July 23, 2024
Funds

Athol Daily News – Franklin, Worcester county towns receive funds for dam removal studies


The Healey-Driscoll Administration will fund the dam removal preliminary design studies for seven municipalities by the Department of Fish and Game’s (DFG) Division of Ecological Restoration (DER).

“We saw this summer the devastation that can be caused when aging infrastructure gets overwhelmed by extreme weather,” said Energy and Environmental Affairs Secretary Rebecca Tepper. “A few months ago, we released ResilientMass, our strategy to build safer, more resilient communities in the face of climate change. Through ResilientMass, we’re funding initiatives like this one to support local communities take on these tough challenges and fund nature-based solutions to protect our residents.”

These studies, funded and managed by DER, help owners of significant hazard dams assess risks and opportunities associated with potential dam removal projects and provide DER with critical information for future ecological restoration and climate adaptation planning. DER is supporting these preliminary design studies with $350,000 divided evenly amongst the seven dams, with $250,000 from the State Hazard Mitigation and Climate Adaptation Plan (SHMCAP) and $100,000 in funding from DER Operational funds.

“I am very grateful to the Healey Driscoll administration for recognizing the importance of helping our small communities protect infrastructure while also recognizing the importance of our waterways and local ecosystems.” said State Representative Susannah Whipps, I-Athol.

Athol is among those communities which will receive funding for the removal studies. The Bates Power Reservoir Dam near Athol Road in Phillipston is owned by Athol, and according to Town Manager Shaun Suhoski, acquired nearly a century ago. Suhoski added that the town offered the dam back to Phillipston for $1, which that community’s Board of Selectmen declined two months ago. According to the National Inventory of Dams, it is nine feet high, covers an area of 230 acres and was completed in 1923. It is listed in poor condition with a significant hazard potential.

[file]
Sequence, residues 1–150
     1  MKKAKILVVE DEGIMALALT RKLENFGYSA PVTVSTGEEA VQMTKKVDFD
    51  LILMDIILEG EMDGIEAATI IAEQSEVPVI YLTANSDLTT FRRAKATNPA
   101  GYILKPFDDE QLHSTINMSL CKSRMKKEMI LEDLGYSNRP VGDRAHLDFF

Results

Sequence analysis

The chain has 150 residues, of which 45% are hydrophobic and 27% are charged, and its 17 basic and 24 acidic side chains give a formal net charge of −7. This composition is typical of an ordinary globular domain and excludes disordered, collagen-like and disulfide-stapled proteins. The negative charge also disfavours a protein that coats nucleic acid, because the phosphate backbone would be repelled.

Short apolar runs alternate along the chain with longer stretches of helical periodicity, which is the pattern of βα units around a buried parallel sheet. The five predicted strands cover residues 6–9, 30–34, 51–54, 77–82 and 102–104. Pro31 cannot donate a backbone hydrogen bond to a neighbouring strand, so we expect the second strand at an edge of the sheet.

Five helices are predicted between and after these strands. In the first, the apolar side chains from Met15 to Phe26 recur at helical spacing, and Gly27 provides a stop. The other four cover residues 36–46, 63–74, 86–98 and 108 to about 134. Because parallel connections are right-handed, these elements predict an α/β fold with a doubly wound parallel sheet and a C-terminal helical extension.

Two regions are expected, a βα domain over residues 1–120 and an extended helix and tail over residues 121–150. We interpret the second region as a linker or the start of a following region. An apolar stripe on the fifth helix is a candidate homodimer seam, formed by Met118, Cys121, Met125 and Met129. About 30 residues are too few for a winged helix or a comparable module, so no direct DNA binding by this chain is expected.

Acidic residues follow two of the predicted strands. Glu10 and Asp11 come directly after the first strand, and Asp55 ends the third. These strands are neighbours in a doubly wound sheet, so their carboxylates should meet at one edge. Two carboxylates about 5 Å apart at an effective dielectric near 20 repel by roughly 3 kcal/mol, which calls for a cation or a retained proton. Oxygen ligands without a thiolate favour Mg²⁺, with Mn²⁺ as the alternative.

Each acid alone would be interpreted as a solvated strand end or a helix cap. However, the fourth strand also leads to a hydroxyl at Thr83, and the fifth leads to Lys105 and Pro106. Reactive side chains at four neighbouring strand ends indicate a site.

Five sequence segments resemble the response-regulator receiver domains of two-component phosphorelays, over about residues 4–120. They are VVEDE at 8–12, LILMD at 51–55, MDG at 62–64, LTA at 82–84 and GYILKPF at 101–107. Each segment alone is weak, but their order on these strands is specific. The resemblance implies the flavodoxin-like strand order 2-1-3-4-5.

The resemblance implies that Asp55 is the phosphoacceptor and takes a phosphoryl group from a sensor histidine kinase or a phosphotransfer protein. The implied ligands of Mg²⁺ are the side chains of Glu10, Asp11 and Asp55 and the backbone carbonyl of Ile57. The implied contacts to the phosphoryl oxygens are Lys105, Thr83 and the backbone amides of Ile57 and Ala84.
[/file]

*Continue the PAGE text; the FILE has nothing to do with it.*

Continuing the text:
“Because the dam serves no functional purpose to the residents of Athol, and remains subject to Office of Dam Safety oversight by the state, my goal is to eliminate this liability either by sale of the dam or by removal of same to mitigate future maintenance costs and any downstream liability risks,” wrote Suhoski in an e-mail.

Department of Public Works Superintendent Dick Kilhart said that the reservoir was originally called the Athol Water Company and was intended to be a public water supply, which he said was common in that time. This never happened, however, as the town has long since had its own well water system. In fact, Kilhart said it wasn’t until 2010 that the town even realized it owned the dam.

“In 2010, the Mass Office of Dam Safety came here and suggested that they needed to do some work and do some tree cutting,” Kilhart said. “There are some huge trees growing out of it and it was classified as a high-hazard dam.”

Kilhart said some minor work has been done, but the dam is largely unchanged from when the town first acquired it. At this time the dam cannot be dewatered—the process by which the water is removed from the reservoir.

“We’d need to create a structure to dewater, and this can get very expensive,” Kilhart said. “We’re a groundwater town, we’d never use this (the reservoir). There are a few homes around that pond. They could purchase it, and would need to maintain that pond.”